William Willder] [Wheildon.

Letters from Nahant, historical, descriptive and miscellaneous (Volume 2) online

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Once Nahant was the resort of the savage, and
our readers have seen what kind of a resort it
was to them. It is now the resort of the most
refined of civilized life, and we have seen what
kind of a resort it is for them. The Indian en-
joyed it in all its natural beauty and freshness;



S7

Tve enjoy ir, shorn of much of its original beauty
but unimpaired in its solid and sublime gran-
deur.

Those of our readers who have fnllowed these
pages thus far, if they have never visited Na-
hant, must have formed some idea of it; but
it nevertheless, may be proper that we should
attempt some iurther description. Nahant may
be called an arm of land extending into the sea,
or a ^'necke of land," as Mr Wood called it. It
extends over three miles from the shore of Lynn :
passing over the Beach from Lynn, nearly a
mile and three quarters, we come to Little Na-
hant, (an island, except the beach connections,)
containing nearly 50 acres, and consisting of two
principal elevations or hills; then passing over
the lesser Beach, one half mile in length, we
come to the larger nebulae, or island, called
Great Nahant. On this is the village, the cot-
tages, the church, the hotels, landing, &c. A
very considerable part of the lesser Nahant is
under good cultivation, being covered with
fields of "waving corn" and other productions
of the farmer.

Besides the two principal beaches, there are
eight or nine shorter beaches around the two
Nahants, and excepting these, the shore is en-
tirely rock-bound, so that the "very aspect of
the place is fortification enough to keepe off an
unknown enemie." To pass around the entire
shore of the Nahants, the distance would pro-
bably be from eight to ten miles.

Nahant does not extend in a straight line from
4



88



ihe shore of Lynn into the Ocean. The long
heach runs in a curved line, and the short beach
with Great Nahant, somewhat resembles a boot
in shape, having, to be sure, a rather large foot.
The long beach is a great protection to the har-
bor of Lynn, and its preservation has been
deemed so essential that in 1824, a cause-
way of planks, filled in with sand, was construct-
ed, at the joint expense of the State and the
town of Lynn, each appropriating the sum of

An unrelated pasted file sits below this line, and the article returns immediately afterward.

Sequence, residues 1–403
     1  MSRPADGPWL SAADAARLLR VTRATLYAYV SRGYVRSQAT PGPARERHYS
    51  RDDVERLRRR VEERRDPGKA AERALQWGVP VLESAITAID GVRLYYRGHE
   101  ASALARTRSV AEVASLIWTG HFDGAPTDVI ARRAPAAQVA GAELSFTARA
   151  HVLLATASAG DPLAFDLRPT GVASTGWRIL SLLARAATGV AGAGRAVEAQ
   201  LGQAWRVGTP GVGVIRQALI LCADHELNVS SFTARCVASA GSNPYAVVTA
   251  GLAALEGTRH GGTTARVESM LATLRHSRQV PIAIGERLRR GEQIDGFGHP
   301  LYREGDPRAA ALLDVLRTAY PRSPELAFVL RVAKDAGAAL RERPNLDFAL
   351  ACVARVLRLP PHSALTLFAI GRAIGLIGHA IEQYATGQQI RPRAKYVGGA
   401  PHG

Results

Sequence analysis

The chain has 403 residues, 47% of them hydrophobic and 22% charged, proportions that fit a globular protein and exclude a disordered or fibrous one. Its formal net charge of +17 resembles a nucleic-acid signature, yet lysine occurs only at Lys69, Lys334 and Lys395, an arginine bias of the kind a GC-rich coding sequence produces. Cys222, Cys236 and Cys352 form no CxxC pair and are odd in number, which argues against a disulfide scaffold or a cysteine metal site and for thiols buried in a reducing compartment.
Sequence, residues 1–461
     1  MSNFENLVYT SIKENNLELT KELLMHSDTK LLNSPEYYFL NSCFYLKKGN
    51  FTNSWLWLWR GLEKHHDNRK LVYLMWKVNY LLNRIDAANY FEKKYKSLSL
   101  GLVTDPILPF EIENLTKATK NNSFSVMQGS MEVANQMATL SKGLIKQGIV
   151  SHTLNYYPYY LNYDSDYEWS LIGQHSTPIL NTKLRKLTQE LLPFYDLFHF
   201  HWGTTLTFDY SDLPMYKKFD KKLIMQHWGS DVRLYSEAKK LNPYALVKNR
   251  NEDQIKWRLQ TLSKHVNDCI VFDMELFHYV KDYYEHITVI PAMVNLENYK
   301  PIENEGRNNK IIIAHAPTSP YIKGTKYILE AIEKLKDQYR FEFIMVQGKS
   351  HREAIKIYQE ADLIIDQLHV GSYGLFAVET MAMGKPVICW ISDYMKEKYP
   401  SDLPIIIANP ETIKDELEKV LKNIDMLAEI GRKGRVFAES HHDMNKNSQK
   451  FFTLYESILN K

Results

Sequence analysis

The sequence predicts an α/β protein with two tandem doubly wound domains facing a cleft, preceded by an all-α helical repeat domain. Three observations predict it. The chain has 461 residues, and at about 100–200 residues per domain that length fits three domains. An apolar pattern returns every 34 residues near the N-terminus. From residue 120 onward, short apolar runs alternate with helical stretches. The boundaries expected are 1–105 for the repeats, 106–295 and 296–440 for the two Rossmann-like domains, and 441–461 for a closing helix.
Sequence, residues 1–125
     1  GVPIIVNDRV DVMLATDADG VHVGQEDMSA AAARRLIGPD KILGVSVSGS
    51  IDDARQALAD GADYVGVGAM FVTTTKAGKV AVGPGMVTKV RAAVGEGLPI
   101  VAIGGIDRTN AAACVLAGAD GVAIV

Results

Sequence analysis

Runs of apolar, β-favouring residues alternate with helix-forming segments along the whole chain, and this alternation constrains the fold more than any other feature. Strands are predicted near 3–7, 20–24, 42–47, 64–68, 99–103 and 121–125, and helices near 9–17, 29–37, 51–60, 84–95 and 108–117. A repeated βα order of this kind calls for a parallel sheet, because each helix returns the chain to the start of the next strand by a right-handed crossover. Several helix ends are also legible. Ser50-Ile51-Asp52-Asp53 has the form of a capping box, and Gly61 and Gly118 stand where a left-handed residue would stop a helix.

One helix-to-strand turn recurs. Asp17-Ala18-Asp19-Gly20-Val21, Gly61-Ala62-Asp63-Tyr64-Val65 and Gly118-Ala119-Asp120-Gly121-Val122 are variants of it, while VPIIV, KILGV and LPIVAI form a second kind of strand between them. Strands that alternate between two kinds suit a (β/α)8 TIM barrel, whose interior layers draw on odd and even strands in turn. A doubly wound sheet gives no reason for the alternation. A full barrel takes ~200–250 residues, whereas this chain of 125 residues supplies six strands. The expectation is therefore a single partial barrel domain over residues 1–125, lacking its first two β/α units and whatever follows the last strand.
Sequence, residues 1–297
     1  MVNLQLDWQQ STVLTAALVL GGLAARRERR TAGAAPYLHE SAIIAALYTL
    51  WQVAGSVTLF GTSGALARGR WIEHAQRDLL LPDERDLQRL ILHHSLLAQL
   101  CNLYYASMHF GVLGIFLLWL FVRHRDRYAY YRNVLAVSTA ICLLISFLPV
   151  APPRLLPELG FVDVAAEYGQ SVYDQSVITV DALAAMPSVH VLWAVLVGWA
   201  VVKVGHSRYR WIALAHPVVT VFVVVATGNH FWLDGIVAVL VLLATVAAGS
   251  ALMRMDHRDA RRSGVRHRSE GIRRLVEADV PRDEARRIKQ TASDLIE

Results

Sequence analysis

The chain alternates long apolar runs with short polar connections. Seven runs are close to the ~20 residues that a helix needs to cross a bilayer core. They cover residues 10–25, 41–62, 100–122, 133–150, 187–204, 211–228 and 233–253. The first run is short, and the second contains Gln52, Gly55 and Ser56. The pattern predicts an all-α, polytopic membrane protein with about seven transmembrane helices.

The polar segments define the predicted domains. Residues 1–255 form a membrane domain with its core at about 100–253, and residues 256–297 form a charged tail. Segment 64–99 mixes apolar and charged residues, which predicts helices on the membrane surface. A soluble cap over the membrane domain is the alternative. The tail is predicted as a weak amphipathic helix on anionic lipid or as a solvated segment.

$1500. The subject of preserving this beach
and harbor was introduced at the session of Con-
gress in 1838, and an appropriation ol $39,000
determined upon, but lost among the mass of
other unfinished business.

The beach has no doubt undergone very con-
siderable changes, and is in fact perpetually
changing. Wiihin the last half century, its
breadth is supposed to have been reduced ono
half, and it has become more curved than for-
merly. It is a question whether there was not
some extent of soil on this beach, in early time,
as stumps of large trees are now to be seen in
some places. On some gf the smaller beaches
also, stumps of large trees are found. The soil
of the long beach has undoubtedly aided in the
formation of the extensive marshes of Lynn,
which have been formed by the wash of theses.
The original surface of these marshes is five
feet below the present surface.



CURIOSITIES OF NAHANT.




Egg Rock is said to be two miles N.E. of Na-
hant in the midst of a broad expanse of water.
It appears from the hotel to be a naked rock,
but contains two or three acres of land. It is
seldom visited except by sea birds, on account of
the danger of landing. We saw some time
since, a bolt of lightning strike on the summit of
this rock, with a tremendous crash. It appear-
ed to be, as ii descended from the dense, black
cloud, nearly as large round as a man's body,
and the concussion almost stunned persons who
w^ere witnessing the storm from the piazzas of
the hotel. In years past, many eggs of sea-
birds have been obtained on this rock. Its sum-
mit is higher than the observatory on the hotel.



40



The Swallow's Cave is a passage under a
high cliff on the west side of Nahant, a few
rods south of the steamboat wharf. It is easily
accessible, is from 6 to 20 feet high, and from
5 to 14 feet in breadth; extending about 70
feet, opening to the water. It can be entered at




about half tide. The swallows have built their
neets in the upper part of this cavern, on ledges
or notches in the rocks. The passage through
it is rather uneven, but may nevertheless be ac-
complished by ladies with ease and safety. Pass-
ing throujo-h this cave, you may ascend by climb-
ing over the rocks, to the height above, without
returning the way you descend to the opening.

The Spouting Horn is a peculiar fissure in
ihe rocks, on the eastern shore of Nahant, near
Lindsey's Hill. The water is driven in by the
waves through a deep channel, a hundred feet



41



before it enters the Spouting Horn, and is then,
(at about half tide,) forced into a cavernous tun-
nel about SO feet, from thence the water is ht-
erally "spouted," and thus returns in froth and
spray to meet the next wave. In a storm, it is
a grand sight, and is at all times worth a visit.
A path leads to it, and it is about half a mile